Received 19 proposals for hosting EMA

19 EU cities have applied to the Council of the European Union, which is one of the EU institutions and represents the executive governments of the EU's member states, in order to host the European Medicines Agency (EMA) currently based in the UK.

The agency will need to be relocated in the context of the UK's withdrawal from the EU. The future location needs to be decided by common agreement of the EU member states.

These are the cities proposed to host the EMA, as on 1 August 2017:

  • Amsterdam (The Netherlands)
  • Athens (Greece)
  • Barcelona (Spain)
  • Bonn (Germany)
  • Bratislava (Slovakia)
  • Brussels (Belgium)
  • Bucharest (Romania)
  • Copenhagen (Denmark)
  • Dublin (Ireland)
  • Helsinki (Finland)
  • Lille (France)
  • Milan (Italy)
  • Porto (Portugal)
  • Sofia (Bulgaria)
  • Stockholm (Sweden)
  • Malta (Malta)
  • Vienna (Austria)
  • Warsaw (Poland)
  • Zagreb (Croatia)

The European Medicines Agency (EMA) is responsible for the scientific evaluation, supervision and safety monitoring of medicines in the EU.

Assessment criteria

The applications received will be assessed on the basis of six criteria agreed by the 27 member states: 

  • guarantees that the agency will be operational when the UK leaves the EU
  • accessibility of the location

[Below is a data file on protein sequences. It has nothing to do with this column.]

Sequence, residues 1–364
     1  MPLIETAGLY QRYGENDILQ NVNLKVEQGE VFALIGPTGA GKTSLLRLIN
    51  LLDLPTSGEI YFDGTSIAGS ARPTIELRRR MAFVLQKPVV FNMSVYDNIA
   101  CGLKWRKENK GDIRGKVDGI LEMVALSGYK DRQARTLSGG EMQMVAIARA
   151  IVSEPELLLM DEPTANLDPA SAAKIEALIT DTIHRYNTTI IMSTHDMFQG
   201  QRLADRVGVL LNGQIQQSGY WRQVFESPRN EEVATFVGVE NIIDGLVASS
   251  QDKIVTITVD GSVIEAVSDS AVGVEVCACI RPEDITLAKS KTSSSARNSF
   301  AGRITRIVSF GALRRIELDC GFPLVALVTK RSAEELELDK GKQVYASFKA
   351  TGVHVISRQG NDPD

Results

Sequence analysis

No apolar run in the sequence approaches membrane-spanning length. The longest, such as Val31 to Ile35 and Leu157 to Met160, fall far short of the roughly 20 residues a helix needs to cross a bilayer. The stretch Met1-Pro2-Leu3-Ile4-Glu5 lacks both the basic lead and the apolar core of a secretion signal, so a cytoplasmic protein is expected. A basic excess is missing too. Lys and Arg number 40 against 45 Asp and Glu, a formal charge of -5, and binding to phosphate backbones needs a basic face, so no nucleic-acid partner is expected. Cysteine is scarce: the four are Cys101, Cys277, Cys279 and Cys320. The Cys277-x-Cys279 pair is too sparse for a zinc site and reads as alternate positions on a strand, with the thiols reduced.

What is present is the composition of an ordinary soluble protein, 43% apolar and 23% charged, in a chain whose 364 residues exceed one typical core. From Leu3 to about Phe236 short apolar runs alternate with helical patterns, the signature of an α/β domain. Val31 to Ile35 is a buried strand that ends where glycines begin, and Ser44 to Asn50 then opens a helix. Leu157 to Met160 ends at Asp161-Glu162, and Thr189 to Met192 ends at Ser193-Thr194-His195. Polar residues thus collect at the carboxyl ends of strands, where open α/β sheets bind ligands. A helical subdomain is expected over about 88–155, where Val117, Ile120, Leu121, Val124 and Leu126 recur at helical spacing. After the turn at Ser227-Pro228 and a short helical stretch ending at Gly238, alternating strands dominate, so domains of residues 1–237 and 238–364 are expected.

• schools for the children of the staff
  • access to the labour market and health care for the employees' families 
  • business continuity
  • geographical spread

It is expected that the relocation of the EMA will bring an economic boost to whichever city is chosen, given the number of jobs and investment it will bring.

According to some sources Bratislava is a likely contender due to the fact that no EU agencies are located in central or eastern Europe. However, Barcelona, Dublin, and Milan have all put in strong bids as well.

It is likely that the relocation of the agency will have a great impact, not only because it has to move its headquarters and personnel, but also because the relationship with the UK Medicines Health and Regulatory Agency (MHRA) will change and potential risks need to be minimised in the event of a hard Brexit.

Next steps

The Commission will publish an assessment of the offers based on the agreed criteria by 30 September 2017. Ministers will have a political discussion based on the Commission's assessment in October 2017 in the margins of the General Affairs Council (Art. 50).

The decision will be taken in the margins of the General Affairs Council (Art.50) in November 2017 by a vote of the 27 ministers. All offers will be submitted to the vote unless they are withdrawn by the countries concerned. The vote will consist of successive voting rounds as needed, with the votes cast by secret ballot and each of the 27 member states having the same number of votes.



Date: 07/09/2017 | Tag: | News: 648 of 689
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